A Carrick man has told how he unearthed the story of his uncle’s death during the Second World War - almost six decades after it happened.
Jack Hughes, from the Downshire area of the town, was named after his father’s brother John Robert ‘Jack’ Hughes, a Flight Sergeant with the Royal Air Force.
“Uncle Jack joined the RAF in September 1939, just after the outbreak of the war,” he told the Times.
“There was always a strong military tradition in our family - my grandfather fought at the Somme, and my dad, Gerald served with the Ulster Rifles before going into the RAF after the war.”
At the time of the crash, Gerald’s brother Jack Sr was just 21 years old.
He had been attached to the 37th Squadron based at Oban, Scotland, and was part of the crew on a Sunderland flying boat which crashed in the Firth of Lorn on May 29, 1942.
While several members of the crew survived, others were killed and the bodies of two, including Jack, were never recovered.
And with exact details on the crash scarce, his family, who were then based in Belfast, never knew exactly what had happened to him.
“Because he was missing, my grandfather always thought he’d return - he never accepted that he’d died,” Jack added.
It was only through his own research in 2000 that Jack was able to track down an account from one of his uncle’s surviving crew-mates.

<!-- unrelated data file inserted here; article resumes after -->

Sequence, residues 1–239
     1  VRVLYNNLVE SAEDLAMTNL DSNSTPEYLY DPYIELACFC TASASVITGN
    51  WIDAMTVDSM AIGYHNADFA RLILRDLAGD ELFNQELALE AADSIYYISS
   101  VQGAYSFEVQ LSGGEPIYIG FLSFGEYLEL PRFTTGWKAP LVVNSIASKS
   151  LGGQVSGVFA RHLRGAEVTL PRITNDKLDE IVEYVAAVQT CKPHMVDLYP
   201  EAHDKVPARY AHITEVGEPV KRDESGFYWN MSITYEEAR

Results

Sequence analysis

“I went to the War Graves Commission, and then I got in touch with a magazine called Flypast,” he said.
Thanks to the magazine piece, he received a letter from Ishbel Brayshaw, wife of James Brayshaw, a wireless operator on the same Sunderland bomber on which Jack Hughes lost his life.
James had survived both the crash and the war before he passed away at the age of 77.
Through Mrs Brayshaw’s letter,the Carrick man was able to piece together how and why the accident occurred.
The crew were returning from a mission near Iceland in the early hours of the morning when the craft crashed in heavy fog. Rear gunner Jack was at the back of the plane when the impact occurred.
The plane was split in two and the tail section went down almost immediately; the fuselage, meanwhile, remained afloat for a time.
“I was glad to find out after all those years what had happened to Uncle Jack,” said his nephew.
“It’s just a pity that my father, and my grandfather will never know.”
The site of the crash off the Scottish coast remains an official war grave.
Meanwhile, Jack Hughes is one of those remembered on the memorial at Runnymede.